​Full Summer Full Send

Posted by Heather Krill in Life After Paralysis on September 09, 2022 # Lifestyle

Krill Family“Give her the beans,” our son called to our daughter when we were mountain biking at Loon a few weeks ago. I looked at my husband Geoff and wondered what “give her the beans” might actually mean, as it was an unfamiliar phrase. As an aging high school English teacher, I often use Google or Urban Dictionary to define phrases I don’t recognize. Those crazy kids. You know.

“What does that mean?” I asked him when he was taking a drink of water. A twinkle in his blue eyes, not that different from his dad’s, told me it had to be inappropriate.

“No, Mom, that is nothing bad. It’s a phrase used to describe something that is Full send. You know, like when you just go for it. You give ‘er the beans. Go ahead, look it up,” he dared me, “You will see.” And so, I did, and guess what? My 12-year-old was being completely honest with me – there were no secondary meanings. Just full effort. Full send. It’s a super appropriate phrase for our family any time of year, especially during the summer with longer days and a teacher mom who has the summers off. We only get so many summers with our children before they have summer jobs and then likely don’t want to spend as much time with us as they grow into adolescence.

So, we go big. A lot. There are very few days without adventure, and so on this eve before the first day of school – of sixth and seventh grade and me entering my 26th year, I don’t regret a day of full summer, full send. I can only speculate where the beans analogy comes from, but we are harvesting our garden, making pesto, and picking all the fruits. There are only so many hours left to enjoy unencumbered summer fun. Why would we spend that indoors or doing chores? Don’t get me wrong; we need to be responsible and do things like mow the lawn and complete some projects like cleaning out the garage and barn. But we crushed our garden this year, and we will have a lot of squash and herbs to see us through the winter. Tomatoes, cukes, and lettuce have consistently joined our dinner table. Geoff harvests basil like a surgeon. No leaf is wasted. Give her the beans, undoubtedly.

I wonder what it is like to live somewhere without seasons. How does the growing season work? How can one give her the beans all the time? We can only be part-time farmers in the summer because our work responsibilities are fewer. We are lucky that there are quiet parts towards the end of each season, which is when we gear up for the season ahead. When Geoff asked if we should plant a third lettuce crop, I reminded him of soccer starting and no time to grocery shop anymore, let alone tend a garden. He is helping to coach our school's varsity girls’ soccer team, and I coach the MS team. Our fall calendar has already been full send. Give her the beans!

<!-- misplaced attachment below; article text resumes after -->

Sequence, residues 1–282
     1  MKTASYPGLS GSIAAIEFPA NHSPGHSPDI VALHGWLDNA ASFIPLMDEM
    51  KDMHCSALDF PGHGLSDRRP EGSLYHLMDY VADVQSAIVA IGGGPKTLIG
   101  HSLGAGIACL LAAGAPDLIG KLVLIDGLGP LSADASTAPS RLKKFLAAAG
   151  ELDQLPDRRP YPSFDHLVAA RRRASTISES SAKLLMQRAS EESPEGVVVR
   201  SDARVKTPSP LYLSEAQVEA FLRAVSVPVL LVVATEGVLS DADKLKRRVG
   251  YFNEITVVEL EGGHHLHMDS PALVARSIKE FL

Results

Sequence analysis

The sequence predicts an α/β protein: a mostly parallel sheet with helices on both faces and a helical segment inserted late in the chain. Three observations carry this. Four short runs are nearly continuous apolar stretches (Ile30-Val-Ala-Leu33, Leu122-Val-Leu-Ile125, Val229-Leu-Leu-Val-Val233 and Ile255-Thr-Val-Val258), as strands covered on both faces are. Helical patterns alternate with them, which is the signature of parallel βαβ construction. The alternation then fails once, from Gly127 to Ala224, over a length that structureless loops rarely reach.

Geoff recently brought home an ancient croquet set from his parent's house on his dad’s 82nd birthday. Croquet. Exactly what our “full send” family needed to cap off an incredibly active summer. Although as I’m writing this at the kitchen table, I can hear their laughter coming from the “front croquet court” (aka our lawn) through the window, each one of them taking turns giving her the beans. We are ready to return to school. We will give her the beans there, too, to the best of our ability. Geoff will be substitute teaching as our school is just one of countless in America kicking off the year understaffed, and he has some availability before he must give winter the beans. So, enjoy the last of the basil, the height of those sunflowers, and the full harvest juice of those peaches. And if you have teachers in your life, please be extra patient this year as our children return to classrooms everywhere. Thank you to those who are stepping in and up to help out where and when you can for those short-staffed schools of hope in our communities.

Heather Ehrman Krill is a writer- wife- teacher-mom who lives in the White Mountains of NH with her husband, Geoff, a paraplegic and professional skier, and their two children, Carver and Greta who are 12 and 11 respectively. Please check out her novel True North, website www.heatherkrill.com, author FB page Heather Krill, and @heatherkrill1 on Twitter.

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